The power of the press always overcomes the power to suppress, former Amnesty International chief Irene Z Khan has said.
"In a democracy, free expression allows citizens to challenge political leaders, journalists to uncover information for the public and the public to ensure the accountability of their government," she said yesterday.
Irene was delivering a lecture titled "Free speech and free media: help or hindrance to development" at The Daily Star office on the occasion of the newspaper's silver jubilee celebrations.
"Without free media and free speech, there can be no development or democracy," said Irene, currently the director-general of International development law Organisation (IDLO), a Rome-based intergovernmental organisation promoting the rule of law.
Starting with the Language Movement's objectives including free speech and freedom of media, Irene in her 30-minute speech touched upon various subjects from suppression of free press in history to the American constitution and judiciary upholding freedom of speech.
"The greatness of a newspaper is not measured by the size of its readership but by its influence and credibility," she said, noting why the New York Times or the Guardian are better known and more respected than the tabloids in their respective countries with 10 times their circulation.
Observing that freedom of speech "is the most complex and controversial right", she discussed how terrorist attacks led to tightening of security laws in a number of countries in ways that infringe upon freedom of speech and access to information. She also gave instances of how this particular right was strangled in history.
She presented a brief picture of how freedom of speech enjoys protection in the US, Europe and Asia and Africa.
Terming the US the strongest champion of freedom of speech, a country where even burning the US flag is considered part of one's freedom of speech, Irene said even European countries could not do as well as the US in this regard.
"Most European countries have laws that ban 'hate speech', speech that incites racial or religious hatred. A number of them have laws that outlaw holocaust denial, and increasingly European countries are adopting laws banning speech or writing that is an 'apology for terrorism'," she said.
In Asia and Africa, blasphemy laws are used not just to silence criticism of religions but also that of political dissent to gain support from hard-line religious parties.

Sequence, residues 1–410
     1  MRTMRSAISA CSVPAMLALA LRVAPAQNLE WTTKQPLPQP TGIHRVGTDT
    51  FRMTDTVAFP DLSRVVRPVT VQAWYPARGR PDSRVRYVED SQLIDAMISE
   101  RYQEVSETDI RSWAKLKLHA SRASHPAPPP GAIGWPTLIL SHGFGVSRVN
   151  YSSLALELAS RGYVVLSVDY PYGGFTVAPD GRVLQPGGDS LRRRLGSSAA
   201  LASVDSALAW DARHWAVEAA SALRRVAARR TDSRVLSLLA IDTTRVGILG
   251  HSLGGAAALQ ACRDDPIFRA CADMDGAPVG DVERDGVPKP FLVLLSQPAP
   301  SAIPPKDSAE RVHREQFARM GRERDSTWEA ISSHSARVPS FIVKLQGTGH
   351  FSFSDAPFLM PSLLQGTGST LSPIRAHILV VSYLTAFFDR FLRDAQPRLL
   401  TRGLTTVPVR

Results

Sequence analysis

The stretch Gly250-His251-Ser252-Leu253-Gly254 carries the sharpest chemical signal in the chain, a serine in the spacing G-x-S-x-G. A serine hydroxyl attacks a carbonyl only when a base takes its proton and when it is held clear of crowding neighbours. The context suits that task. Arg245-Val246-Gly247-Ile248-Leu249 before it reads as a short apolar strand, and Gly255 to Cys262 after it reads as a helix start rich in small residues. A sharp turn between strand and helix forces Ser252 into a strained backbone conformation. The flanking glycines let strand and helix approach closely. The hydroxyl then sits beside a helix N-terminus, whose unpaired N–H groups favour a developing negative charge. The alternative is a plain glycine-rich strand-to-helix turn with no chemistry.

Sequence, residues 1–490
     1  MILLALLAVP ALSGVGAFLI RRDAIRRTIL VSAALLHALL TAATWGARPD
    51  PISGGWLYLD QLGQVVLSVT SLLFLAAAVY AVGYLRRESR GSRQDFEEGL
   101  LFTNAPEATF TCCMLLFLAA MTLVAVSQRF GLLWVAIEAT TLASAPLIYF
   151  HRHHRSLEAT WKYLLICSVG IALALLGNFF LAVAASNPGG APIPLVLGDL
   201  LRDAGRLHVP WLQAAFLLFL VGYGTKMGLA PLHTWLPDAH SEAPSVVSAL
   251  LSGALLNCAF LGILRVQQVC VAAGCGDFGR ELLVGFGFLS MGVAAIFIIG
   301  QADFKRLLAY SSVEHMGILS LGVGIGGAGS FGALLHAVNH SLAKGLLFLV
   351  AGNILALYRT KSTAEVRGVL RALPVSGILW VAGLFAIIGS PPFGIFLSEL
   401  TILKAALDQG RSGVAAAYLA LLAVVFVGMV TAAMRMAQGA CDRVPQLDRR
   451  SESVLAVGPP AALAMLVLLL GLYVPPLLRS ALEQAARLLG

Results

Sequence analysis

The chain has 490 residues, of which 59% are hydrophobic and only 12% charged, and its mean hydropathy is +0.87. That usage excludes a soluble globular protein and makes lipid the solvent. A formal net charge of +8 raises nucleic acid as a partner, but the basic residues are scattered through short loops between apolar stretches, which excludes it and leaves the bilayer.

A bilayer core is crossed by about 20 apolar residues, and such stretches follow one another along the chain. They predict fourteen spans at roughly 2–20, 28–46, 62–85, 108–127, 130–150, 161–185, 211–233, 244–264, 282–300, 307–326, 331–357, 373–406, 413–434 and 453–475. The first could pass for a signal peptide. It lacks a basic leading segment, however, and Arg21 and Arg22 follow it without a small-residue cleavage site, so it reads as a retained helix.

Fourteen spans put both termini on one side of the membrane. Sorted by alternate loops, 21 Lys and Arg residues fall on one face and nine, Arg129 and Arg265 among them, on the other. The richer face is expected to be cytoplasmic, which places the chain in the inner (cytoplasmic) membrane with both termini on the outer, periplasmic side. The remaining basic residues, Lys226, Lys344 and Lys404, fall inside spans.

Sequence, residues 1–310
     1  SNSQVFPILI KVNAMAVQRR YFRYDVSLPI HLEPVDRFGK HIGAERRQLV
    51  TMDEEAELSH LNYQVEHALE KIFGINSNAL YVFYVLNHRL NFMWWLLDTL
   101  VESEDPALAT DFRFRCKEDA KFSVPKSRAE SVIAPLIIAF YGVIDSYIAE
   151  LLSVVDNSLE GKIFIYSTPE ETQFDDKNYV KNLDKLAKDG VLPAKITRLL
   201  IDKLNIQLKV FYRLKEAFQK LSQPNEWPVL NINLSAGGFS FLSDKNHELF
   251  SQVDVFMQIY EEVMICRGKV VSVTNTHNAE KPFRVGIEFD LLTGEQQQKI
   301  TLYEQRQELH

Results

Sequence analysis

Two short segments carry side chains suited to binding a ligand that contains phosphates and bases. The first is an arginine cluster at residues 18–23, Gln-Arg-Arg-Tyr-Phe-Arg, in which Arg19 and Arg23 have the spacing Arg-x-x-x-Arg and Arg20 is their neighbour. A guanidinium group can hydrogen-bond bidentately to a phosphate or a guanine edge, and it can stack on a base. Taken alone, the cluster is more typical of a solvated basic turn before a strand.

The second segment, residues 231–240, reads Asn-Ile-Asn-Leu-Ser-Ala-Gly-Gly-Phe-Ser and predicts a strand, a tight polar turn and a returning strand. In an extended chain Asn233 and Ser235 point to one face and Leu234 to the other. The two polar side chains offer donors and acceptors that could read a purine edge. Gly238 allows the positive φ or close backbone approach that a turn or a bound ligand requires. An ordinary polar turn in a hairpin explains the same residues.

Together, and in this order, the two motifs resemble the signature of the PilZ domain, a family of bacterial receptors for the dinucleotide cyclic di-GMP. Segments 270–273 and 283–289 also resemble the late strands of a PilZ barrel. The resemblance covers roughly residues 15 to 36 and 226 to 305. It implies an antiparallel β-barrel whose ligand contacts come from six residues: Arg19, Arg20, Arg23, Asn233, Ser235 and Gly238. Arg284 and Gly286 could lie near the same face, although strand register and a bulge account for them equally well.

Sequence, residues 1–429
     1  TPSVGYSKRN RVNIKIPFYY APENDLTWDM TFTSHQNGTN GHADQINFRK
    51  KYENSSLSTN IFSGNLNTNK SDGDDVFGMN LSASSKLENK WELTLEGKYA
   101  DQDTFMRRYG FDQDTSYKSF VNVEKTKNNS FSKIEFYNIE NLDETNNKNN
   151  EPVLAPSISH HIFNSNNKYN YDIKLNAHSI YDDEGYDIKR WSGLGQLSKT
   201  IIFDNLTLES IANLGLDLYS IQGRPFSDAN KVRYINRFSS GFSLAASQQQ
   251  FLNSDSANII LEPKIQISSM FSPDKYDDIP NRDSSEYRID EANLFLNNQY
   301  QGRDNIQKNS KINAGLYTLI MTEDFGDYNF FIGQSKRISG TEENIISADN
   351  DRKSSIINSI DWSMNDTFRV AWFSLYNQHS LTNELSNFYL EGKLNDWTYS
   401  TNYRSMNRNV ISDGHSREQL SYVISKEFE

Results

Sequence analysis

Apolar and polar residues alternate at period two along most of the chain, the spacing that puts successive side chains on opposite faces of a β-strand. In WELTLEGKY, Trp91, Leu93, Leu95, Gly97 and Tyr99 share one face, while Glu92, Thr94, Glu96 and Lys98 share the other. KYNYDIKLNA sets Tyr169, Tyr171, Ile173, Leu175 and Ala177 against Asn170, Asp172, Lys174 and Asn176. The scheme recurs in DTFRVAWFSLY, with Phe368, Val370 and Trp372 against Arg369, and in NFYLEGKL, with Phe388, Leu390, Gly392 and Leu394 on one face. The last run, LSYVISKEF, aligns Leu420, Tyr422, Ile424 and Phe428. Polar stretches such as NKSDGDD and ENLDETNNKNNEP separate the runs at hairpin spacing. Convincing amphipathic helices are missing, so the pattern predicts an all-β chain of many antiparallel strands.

"If the law is not enough to chill free speech, then extremist violence acts as a veto, threatening, attacking and killing the critics, the bloggers or the zealous journalists with impunity," she stressed.
Noting that freedom of expression is also the right to hear, Irene said, "If the government is allowed to decide which opinions can be expressed and which cannot, an open, vibrant and diverse society quickly breaks down."
"Similarly, when our court system is used to silence those with unpopular views, we all lose the opportunity to hear all sides of an issue and come to our own conclusions," she added.
About the relation between free speech and free media, Irene said when people gained access to information about development choices available to them, they were able to organise, speak out and take part in decisions affecting their lives and livelihoods.
This helps them to come out of deprivation, exclusion and insecurity, she explained.
Citing how the huge loss of lives during the Chinese famine in Chairman Mao's time happened because the real picture could not be known due to curbing of media freedom, she said free media "benefits government by providing information on what is really happening" so that governments could adjust policies or correct any mistakes.
"Censorship can keep the government as well as citizens in the dark," she said.
About people's attitude towards free media in Bangladesh, Irene said, "I fear we do not value our media freedom enough."
"Indeed, most people, especially poor people, do not care much about democracy and freedom when things are going well," she said.
Citing a recent survey where Bangladeshis preferred economic growth over democracy and freedom, Irene said, "The stability that we are enjoying now is making us complacent about our freedoms, including our media freedom, but there are grey clouds on the economic horizon."
She said when economy "falters and unemployment rises, people come out on the street and they begin to value free media."
She, however, warned that the power of media might not be a good thing when its ownership "is mostly private and concentrated in the hands of a few."
The solution to this problem is not in censoring or regulating media, but in letting it expand and the news consumer choose which media outlet they want to read, view or listen to, according to Irene.
"Freedom of the net and the press thrives on competition and confrontation…" she said.
The speech was followed by a lively question-and-answer session where Irene, replying to a question, said, "Globally, freedom of press is growing."
A government cannot suppress media now in the face of strong public opinion favouring free media, she said.
"The biggest thing that saddens me about Bangladesh is the lack of solidarity in the press for the press."
Mahfuz Anam, editor and publisher of The Daily Star, moderated the programme.
He said governments in most developing countries "fail to see the role free media plays in informing the government."